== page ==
Think of your IRA When Planning for Higher Education Expenses

Careful planning for future education expenses is becoming more common as the national average for college tuition costs continue to rise. Many savers are already familiar with tax-advantaged vehicles such as the 529 Plan or Coverdell Savings Account but did you know that all IRA account structures offer certain incentives for educational expenses as well? This article explores IRS Publication 970 and the exception to additional tax on early IRA distributions for qualified education expenses.
When it comes to taking IRA distributions an additional 10% penalty is imposed for withdrawing funds before the designated retirement age of 59 ½. This additional tax applies to the Traditional IRA account structure but also includes SEP IRAs, SIMPLE IRAs, and Roth IRAs. Note that early distribution penalties may be as high as 25% for SIMPLE IRAs.

If you decide to withdraw from an IRA to pay for higher education expenses for either yourself or others, you may be able to avoid the 10% penalty that would normally be imposed. Let’s take a closer look at the eligibility requirements below.

Who is eligible for the exception?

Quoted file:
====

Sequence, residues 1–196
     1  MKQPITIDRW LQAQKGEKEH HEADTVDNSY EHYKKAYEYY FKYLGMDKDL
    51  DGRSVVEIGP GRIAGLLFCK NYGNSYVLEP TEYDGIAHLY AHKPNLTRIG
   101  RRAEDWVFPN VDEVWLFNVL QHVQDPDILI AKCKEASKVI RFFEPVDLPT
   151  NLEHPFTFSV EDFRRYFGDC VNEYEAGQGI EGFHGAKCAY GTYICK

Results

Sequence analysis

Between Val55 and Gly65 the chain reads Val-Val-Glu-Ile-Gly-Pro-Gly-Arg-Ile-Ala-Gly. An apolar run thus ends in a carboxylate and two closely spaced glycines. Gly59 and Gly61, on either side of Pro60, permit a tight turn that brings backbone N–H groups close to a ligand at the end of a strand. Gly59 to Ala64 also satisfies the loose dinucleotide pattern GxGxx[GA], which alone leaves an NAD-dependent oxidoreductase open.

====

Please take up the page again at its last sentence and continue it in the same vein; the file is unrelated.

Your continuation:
This exception applies to: yourself as the IRA owner, your spouse, or your or your spouse’s child, foster child, adopted child, or descendant of any of them. 

What is considered an eligible education institution? 
Eligible institutions include: any college, university, vocational school, or other postsecondary school eligible to participate in a student aid program administrated by the U.S. Department of Education. 

What types of expenses are considered ‘qualified’ education expenses (QEE)?
  • Tuition
  • Fees
  • Books
  • Supplies
  • Equipment required for enrollment or attendance.
  • Services for special needs students in connection with their enrollment or attendance. 
  • Room and board if the student is enrolled at least half-time. Half-time status is determined under the standards provided by each individual institution.
    • See Publication 970 for specific details on room and board.
 Be sure to review IRS Publication 970 for additional details, considerations, and examples. The information provided in this article is for educational purposes only and is not guaranteed to be reliable. Always see a qualified tax professional who can offer advice and guidance. New Direction IRA does not offer tax, legal, or investment advice.
 

Add a comment

Loading